What you need to know:
Sir, an increase in taxes means they'll be an increase in mental health issues in Common Man.
Mr President, an increase in taxes means that Common Man's business - which is the spine of the economy - will suffer mortal damage.
Dear Mr President,
My name is Common Man. It's been a minute, Big Man. Remember me? We last rubbed shoulders four years ago, while you were on the campaign trail.
Sir, going by what you once derisively said - that newspapers are waste paper used to wrap meat - Common Man highly doubts if you'll read his impassioned plea. Still, hey; nothing ventured, nothing gained.
Speaking of which, Mr President, the only place Common Man will see the meat is on display, in his local butchery. And the only time Common Man will savour wet fry is in his wildest dreams. With the recent increase in taxes, meat has become a mirage for Common Man.
Your Excellency, if you don't read this, I pray to Jesus that you'll read the mood of Common Man. Please? Read the pulse of Common Man. It's easy. Go in disguise. There are makeup artists who'll make you look like Moi, Undercover Boss style. Drop the motorcade. Drop all trappings of power. Then drop in at joints frequented by Common Man. Break with Common Man his mouldy bread of sorrow. Drink from Common Man's bitter cup of suffering. That's not a populist move; it's a presidential mode.
Sir, an increase in taxes means they'll be an increase in mental health issues in Common Man. If we're not careful, depression will be the next pandemic. That is, if it isn't already, albeit hush-hush. And the billions we'll use to mitigate this health scare will be more than the money brought to the exchequer, via the tax increase.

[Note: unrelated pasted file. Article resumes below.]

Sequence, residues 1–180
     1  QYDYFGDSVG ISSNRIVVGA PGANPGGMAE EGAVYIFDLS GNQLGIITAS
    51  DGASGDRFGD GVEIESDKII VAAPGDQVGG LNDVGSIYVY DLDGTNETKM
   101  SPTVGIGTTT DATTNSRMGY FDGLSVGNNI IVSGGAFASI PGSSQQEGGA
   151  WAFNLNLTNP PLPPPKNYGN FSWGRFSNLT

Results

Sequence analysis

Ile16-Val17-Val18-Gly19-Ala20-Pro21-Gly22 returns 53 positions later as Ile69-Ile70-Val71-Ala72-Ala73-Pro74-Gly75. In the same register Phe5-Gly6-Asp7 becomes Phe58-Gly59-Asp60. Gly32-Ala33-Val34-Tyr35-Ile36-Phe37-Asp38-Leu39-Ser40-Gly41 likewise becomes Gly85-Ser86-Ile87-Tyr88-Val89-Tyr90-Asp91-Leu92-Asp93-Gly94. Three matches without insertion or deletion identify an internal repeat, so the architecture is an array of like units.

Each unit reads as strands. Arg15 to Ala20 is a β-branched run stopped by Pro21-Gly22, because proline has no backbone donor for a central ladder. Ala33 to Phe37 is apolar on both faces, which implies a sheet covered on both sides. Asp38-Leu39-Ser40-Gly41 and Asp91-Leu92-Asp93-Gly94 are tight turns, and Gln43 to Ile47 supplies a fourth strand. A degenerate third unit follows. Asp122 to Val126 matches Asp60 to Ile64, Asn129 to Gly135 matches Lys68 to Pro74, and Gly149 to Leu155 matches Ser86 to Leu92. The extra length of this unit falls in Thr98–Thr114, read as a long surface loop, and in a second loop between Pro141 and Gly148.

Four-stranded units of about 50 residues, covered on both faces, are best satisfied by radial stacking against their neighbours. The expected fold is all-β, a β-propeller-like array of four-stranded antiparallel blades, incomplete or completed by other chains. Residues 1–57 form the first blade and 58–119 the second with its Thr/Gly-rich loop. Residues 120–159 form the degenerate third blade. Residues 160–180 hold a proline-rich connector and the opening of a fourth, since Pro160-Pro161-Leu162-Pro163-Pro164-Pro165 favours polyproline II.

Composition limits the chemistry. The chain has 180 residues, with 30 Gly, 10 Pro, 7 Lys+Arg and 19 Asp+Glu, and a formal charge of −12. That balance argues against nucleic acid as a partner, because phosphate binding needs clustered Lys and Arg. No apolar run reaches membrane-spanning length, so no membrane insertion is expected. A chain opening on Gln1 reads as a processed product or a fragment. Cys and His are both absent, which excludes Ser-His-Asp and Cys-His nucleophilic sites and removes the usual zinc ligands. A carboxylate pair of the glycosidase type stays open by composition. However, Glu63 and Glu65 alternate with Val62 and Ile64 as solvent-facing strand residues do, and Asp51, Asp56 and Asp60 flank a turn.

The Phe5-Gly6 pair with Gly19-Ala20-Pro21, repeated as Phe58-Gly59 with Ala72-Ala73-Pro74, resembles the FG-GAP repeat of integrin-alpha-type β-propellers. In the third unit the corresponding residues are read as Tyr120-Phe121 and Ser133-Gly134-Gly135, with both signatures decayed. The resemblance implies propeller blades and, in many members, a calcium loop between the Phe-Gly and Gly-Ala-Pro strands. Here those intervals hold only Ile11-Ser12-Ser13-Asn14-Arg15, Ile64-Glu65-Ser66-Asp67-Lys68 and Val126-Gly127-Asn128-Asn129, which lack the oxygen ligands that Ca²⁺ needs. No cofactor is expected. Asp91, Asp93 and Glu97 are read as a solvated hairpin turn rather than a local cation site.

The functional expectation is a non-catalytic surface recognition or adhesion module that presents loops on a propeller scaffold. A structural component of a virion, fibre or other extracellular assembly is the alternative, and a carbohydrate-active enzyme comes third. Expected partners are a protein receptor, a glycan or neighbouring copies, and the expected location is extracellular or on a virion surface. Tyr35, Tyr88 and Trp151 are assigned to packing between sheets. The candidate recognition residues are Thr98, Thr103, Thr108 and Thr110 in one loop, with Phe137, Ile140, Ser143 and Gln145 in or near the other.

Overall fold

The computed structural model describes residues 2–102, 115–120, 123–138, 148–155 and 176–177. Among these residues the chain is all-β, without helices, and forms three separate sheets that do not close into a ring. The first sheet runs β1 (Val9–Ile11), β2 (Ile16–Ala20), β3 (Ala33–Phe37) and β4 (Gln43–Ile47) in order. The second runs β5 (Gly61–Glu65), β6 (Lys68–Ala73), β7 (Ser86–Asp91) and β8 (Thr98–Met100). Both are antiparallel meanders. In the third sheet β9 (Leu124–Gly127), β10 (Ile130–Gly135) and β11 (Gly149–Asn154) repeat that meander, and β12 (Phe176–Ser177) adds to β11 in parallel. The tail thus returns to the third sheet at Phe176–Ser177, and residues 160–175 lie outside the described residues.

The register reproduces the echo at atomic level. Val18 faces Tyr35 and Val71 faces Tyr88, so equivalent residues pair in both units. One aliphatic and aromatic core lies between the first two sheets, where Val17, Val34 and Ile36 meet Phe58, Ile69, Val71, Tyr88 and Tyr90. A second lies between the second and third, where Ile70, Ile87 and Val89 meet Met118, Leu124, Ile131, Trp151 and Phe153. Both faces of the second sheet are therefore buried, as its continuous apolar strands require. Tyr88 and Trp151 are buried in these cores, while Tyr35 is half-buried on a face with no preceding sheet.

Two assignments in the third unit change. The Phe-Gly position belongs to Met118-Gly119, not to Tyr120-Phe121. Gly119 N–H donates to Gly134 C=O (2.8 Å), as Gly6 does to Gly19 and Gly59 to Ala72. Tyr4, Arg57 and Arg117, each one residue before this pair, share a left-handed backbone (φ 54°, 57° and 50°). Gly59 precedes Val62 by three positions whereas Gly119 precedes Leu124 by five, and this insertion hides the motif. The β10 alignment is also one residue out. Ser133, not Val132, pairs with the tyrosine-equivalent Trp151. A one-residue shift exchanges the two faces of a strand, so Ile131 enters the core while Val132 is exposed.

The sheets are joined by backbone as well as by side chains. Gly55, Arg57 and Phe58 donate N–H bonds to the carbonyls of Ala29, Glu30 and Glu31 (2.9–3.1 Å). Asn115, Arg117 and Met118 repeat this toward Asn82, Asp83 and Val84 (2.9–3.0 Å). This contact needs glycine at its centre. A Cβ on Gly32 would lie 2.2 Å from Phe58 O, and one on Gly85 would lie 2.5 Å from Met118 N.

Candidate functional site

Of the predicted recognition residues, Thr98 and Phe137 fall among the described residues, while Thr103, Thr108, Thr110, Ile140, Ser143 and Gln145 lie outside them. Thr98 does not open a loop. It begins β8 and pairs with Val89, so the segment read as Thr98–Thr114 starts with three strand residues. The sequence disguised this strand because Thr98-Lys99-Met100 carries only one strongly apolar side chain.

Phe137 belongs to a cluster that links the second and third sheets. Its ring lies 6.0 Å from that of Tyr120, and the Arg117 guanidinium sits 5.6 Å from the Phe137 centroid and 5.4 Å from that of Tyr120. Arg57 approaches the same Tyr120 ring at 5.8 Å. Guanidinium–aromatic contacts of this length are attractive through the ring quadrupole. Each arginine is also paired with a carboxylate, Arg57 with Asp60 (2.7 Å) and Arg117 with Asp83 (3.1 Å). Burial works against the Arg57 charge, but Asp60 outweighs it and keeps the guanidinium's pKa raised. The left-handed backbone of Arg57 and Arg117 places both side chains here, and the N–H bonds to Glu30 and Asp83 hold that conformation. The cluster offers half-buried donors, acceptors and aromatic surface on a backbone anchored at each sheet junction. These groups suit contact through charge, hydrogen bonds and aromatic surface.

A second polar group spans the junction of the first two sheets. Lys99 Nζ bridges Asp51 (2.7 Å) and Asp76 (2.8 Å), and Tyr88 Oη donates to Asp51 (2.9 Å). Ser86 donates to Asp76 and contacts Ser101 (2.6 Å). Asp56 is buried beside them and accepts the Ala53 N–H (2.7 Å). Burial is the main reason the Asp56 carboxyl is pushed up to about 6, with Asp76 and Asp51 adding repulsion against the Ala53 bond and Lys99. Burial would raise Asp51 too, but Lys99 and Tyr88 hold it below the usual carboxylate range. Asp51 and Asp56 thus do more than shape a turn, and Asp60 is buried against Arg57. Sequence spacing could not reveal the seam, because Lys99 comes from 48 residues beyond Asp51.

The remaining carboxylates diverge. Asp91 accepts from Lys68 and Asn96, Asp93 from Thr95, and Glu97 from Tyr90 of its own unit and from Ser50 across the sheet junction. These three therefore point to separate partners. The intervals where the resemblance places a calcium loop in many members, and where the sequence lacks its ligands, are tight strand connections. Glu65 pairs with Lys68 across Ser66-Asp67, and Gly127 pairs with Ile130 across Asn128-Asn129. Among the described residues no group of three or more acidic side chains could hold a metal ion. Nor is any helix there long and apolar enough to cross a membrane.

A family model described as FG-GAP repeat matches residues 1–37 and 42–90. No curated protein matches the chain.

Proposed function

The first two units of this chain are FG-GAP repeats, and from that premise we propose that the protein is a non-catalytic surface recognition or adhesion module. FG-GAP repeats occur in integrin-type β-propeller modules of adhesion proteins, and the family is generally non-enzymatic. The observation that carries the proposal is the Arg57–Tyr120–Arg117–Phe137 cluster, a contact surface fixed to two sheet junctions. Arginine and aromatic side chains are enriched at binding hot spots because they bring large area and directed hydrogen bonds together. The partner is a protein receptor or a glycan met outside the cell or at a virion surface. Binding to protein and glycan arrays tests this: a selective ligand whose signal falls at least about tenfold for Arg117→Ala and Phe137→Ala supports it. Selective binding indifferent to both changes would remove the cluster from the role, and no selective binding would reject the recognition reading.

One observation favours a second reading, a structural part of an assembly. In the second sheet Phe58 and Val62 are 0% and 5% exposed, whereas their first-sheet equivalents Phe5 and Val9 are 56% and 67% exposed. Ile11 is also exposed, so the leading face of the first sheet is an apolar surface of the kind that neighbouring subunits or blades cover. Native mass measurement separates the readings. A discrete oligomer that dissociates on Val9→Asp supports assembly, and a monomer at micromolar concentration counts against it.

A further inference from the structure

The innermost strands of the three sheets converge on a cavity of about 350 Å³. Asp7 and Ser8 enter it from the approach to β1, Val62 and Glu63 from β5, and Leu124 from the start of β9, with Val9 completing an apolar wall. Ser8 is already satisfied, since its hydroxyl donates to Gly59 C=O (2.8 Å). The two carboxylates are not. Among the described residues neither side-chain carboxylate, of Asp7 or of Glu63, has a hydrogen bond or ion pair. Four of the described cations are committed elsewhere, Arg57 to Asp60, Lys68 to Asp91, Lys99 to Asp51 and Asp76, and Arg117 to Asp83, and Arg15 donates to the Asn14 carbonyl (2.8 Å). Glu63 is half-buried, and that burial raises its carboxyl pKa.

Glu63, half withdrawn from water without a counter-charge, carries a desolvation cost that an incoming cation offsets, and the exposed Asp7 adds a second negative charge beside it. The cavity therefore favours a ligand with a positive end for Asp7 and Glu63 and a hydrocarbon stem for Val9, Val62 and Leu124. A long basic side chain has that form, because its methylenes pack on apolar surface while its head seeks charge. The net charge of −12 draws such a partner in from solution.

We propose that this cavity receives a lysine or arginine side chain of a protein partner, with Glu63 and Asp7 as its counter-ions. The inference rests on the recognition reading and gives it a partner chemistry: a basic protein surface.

Mr President, an increase in taxes means that Common Man's business - which is the spine of the economy - will suffer mortal damage. Already, Common Man and thousands of his peers have been forced, by Covid-19, to pull the plug on their babies.
Two hard choices
Sir, an increase in taxes means that Common Man will not afford basic necessities for his family. The other Saturday morning at Common Man's local supermarket, it hurt him when a boy and girl shuffled out when they realised that the price of bread had gone up by five shillings. They had 50 bob. Common Man asked the watchman to call them. Common Man did what any caring Common Man would do. Good grief. In a country that's over five decades old, the difference between life and death is five shillings.
Big Man, without food, Common Man's children are faced with two hard choices; dumpster-dive or die. Case in point? Jacaranda Grounds in Soweto, Nairobi. There's a businessman who sells sugarcane to passers-by. Often, you'll see Common Man's hungry kids surreptitiously pick cane peelings, which the seller dumps several metres from his business spot. Discarded cane peelings. That's their main meal.
This may sound like a harsh indictment, Mr President; but the Scripture cautions Common Man that a nation that's forcing its children to live an accursed existence is a nation that's inviting God's curses.
Sir, an increase in taxes means the poverty mentality will be more ingrained. This means that, for instance, when a fuel tanker overturns and spills its contents, instead of Common Man seeing a menace, he'll scream, "manna". Even if another tanker exploded three days prior just around the corner, and turned Common Man into an unrecognisable stump of firewood.
Mr President, an increase in taxes means that Common Man's debt will go through the roof. (That is if he even has a roof). Common Man is already borrowing from shylock to pay shark, to pay... ad infinitum. Common Man's on a debt-driven downward spiral. He's on survival mode; vetting calls and text messages, via Truecaller.
Your Excellency, that's all Common Man has. For now.
God bless you, Mr President. God bless this our land and nation.